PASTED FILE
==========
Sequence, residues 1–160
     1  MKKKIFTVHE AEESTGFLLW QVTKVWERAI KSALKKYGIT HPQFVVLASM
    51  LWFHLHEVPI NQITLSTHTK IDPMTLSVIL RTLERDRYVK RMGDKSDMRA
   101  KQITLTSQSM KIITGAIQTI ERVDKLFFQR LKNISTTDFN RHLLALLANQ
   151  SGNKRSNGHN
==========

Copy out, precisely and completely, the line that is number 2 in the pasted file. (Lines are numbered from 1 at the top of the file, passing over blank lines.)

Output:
     1  MKKKIFTVHE AEESTGFLLW QVTKVWERAI KSALKKYGIT HPQFVVLASM